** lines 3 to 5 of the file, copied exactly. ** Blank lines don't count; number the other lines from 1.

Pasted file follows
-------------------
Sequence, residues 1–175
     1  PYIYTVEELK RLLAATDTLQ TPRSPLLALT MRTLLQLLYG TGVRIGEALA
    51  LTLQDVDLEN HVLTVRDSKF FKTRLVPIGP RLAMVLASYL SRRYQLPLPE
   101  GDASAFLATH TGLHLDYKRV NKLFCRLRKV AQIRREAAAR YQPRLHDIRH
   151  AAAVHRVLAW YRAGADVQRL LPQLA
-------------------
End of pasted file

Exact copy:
    51  LTLQDVDLEN HVLTVRDSKF FKTRLVPIGP RLAMVLASYL SRRYQLPLPE
   101  GDASAFLATH TGLHLDYKRV NKLFCRLRKV AQIRREAAAR YQPRLHDIRH
   151  AAAVHRVLAW YRAGADVQRL LPQLA